Backpacker’s heading off to Europe with the intentions of partying like rock stars often seek the mysterious "green stuff" at one point of their trip or another.
Here are some facts and history of this controversial green potion.
Absinthe is an alcoholic drink made with an extract from wormwood (Artemisia absinthium). It was invented by Dr. Pierre Ordinaire in 1792, as an all purpose remedy and he became the first to promote this "cure all" wonder drink. Crazy as it sounds, when it was first invented it was mixed with wine (to give it a more intoxicating effect), and was used to treat drunkeness.
It looks like a magical potion due to it`s green emerald color and was nicknamed "La Fèe Verte" or "The Green Fairy."
Because of the ingredient Absinthin, it`s bare flavor is quite bitter.
Due to it`s bitter flavor, water is lightly poured over a specially made spoon(with holes/slots in it) filled with sugar(a spoonful or a cube).
As the water and sugar dissolve in the glass filled with Absinthe, it`s emerald green color turns milky white.
Absinthe is distilled from a plant called wormwood and contains a chemical called thujone, which may cause hallucinations and psychotic behavior.
As more and more manufacturer`s of Absinthe grew, it became very inexpensive to buy. And as it`s popularity grew in the mid to late 1800`s, it became a favorite drink of not only the upper class society, but of the Bohemian lifestyle too.
In it`s heyday, Absinthe was 140-160 proof! How ya like them apples?! In Hamburg, Germany I was at a party when I first tried Absinthe. Wow. That stuff was potent!
It didn`t affect me immediately, but as I sat there slowly sipping it and chatting with my new German friends, I could feel the chemical properties taking effect.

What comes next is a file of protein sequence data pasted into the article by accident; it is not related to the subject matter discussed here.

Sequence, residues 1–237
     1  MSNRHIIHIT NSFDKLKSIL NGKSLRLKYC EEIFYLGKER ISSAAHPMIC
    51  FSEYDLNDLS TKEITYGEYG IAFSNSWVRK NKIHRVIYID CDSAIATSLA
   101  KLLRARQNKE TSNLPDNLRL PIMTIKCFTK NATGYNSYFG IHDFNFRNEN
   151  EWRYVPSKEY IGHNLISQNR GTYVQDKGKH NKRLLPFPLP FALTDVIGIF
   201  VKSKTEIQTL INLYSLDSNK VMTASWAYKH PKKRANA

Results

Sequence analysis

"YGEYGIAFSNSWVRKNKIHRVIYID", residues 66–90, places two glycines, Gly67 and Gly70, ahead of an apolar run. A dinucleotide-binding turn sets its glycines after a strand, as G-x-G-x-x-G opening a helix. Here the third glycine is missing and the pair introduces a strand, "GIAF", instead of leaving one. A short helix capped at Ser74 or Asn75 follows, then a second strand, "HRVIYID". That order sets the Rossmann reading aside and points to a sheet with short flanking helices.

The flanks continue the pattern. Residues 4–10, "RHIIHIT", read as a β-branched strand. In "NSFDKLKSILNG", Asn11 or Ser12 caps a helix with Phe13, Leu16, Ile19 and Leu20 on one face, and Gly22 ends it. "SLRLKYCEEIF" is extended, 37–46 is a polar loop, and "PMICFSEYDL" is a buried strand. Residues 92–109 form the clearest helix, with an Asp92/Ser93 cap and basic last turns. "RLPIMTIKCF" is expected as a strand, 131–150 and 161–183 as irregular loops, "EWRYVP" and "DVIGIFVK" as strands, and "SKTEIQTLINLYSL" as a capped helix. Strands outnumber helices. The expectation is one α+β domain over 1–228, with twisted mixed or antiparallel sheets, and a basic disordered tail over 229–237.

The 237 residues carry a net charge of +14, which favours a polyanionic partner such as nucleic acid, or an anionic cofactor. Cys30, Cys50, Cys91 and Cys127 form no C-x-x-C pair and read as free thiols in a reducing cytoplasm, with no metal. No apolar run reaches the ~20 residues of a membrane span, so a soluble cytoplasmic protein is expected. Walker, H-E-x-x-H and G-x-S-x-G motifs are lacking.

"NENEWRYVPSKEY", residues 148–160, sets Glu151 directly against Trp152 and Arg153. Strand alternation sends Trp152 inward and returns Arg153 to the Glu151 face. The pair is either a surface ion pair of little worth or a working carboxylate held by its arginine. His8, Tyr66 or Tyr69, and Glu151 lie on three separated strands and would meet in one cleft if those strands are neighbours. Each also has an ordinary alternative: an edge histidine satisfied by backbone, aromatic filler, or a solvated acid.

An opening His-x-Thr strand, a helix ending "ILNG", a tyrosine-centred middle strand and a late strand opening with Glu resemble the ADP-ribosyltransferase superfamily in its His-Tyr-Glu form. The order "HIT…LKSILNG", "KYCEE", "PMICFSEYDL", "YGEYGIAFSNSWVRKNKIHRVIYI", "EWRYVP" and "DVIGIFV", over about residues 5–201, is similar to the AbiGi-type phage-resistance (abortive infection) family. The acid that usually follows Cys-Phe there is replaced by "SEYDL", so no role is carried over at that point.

It was a different kind of buzz, I remember. It didn`t feel like the same kind of buzz that you get when you have a beer, a glass or two of wine, or hard liqour for that matter.
You know how you get that tipsy feeling first, after downing a bottle or two of beer? Well, after my initial glass of Absinthe, I remember thinking that my brain was starting to feel heavy. Like I drank mercury or something and it slowly started to seep into my brain.
It is the custom in Germany (or maybe just the party people in Hamburg), that before they pour the water over the sugar, they light the Absinthe on fire giving it a cool "must have drink" effect.
The fire is distinguished when you mix it all together after the water has been poured over the sugar.
Quick Absinthe History
Absinthe was invented by Dr. Pierre Ordinaire.
Henri-Louis Pernod opened the first Absinthe distillery in Switzerland and then moved to a larger one in Pontarlier, France in
Widely popular among the upper-class.
The Bohemian lifestyle embraced it. La Fèe verte (the green fairy) as it became commonly known, was most popular in France.
Most people finished their day with one or two drinks, thus was born- l`heure verte (the green hour).
Banned from most countries, but never banned in Britain, Spain, or Portugal.
Some famous people known to have been regular consumers of the green stuff.
Henri de Toulouse-Lautrec
Vincent Van Gogh
Edgar Allen Poe
Ever wonder why the famous Dutch Vincent van Gogh cut his ear off?
It is a known fact that he was a big fan of Absinthe (as were many artist and famous people in the 19th century) and in his final days, drank tons of it before he became the "one-ear-wonder."
He died in Auvers, France(1889) two days after shooting himself in the chest with a pistol.
Absinthe was banned in the US in 1912.
Is Absinthe illegal in the US right now? If your brand of Absinthe contains "artemisia absinthium," than YES, it is illegal. And if you bring a bottle of it back home from your trip to Europe, the US customs agent can confiscate it from you.
However, there are certain brands that do not contain "artemisia absinthium," and these ARE PERFECTLY LEGAL in the US. Do your research before you try to bring a bottle home with you!
When you are off backpacking Europe and come across this mezmerising green stuff. Just remember that too much of anything is not good. This is most definitely the case with Absinthe.
Party hard, but keep it real. Don`t over do it! We can all learn a lesson or two from Van Gogh.